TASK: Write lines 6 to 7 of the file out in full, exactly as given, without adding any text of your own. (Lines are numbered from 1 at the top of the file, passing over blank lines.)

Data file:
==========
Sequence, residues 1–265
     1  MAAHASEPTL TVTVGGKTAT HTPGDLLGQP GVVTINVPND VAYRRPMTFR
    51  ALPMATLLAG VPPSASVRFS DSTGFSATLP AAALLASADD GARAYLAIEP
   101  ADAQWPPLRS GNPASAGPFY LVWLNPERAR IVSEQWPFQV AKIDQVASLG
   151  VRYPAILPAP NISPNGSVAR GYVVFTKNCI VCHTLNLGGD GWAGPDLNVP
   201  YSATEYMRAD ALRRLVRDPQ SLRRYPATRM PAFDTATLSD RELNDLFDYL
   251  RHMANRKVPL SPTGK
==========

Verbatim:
   201  YSATEYMRAD ALRRLVRDPQ SLRRYPATRM PAFDTATLSD RELNDLFDYL
   251  RHMANRKVPL SPTGK